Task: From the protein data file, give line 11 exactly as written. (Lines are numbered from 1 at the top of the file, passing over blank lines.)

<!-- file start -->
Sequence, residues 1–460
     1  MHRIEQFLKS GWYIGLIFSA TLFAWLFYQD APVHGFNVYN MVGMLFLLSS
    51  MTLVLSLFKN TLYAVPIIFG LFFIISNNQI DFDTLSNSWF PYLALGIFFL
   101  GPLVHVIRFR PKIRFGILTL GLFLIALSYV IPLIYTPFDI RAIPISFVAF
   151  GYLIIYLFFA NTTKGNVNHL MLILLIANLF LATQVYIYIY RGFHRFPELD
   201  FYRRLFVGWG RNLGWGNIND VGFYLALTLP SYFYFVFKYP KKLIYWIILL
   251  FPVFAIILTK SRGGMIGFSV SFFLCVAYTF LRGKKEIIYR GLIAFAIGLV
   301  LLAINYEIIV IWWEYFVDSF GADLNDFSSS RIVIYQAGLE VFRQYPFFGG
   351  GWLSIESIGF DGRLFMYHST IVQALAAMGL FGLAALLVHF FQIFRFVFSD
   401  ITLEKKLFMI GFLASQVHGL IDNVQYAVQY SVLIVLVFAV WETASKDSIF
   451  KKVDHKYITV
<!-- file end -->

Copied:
   451  KKVDHKYITV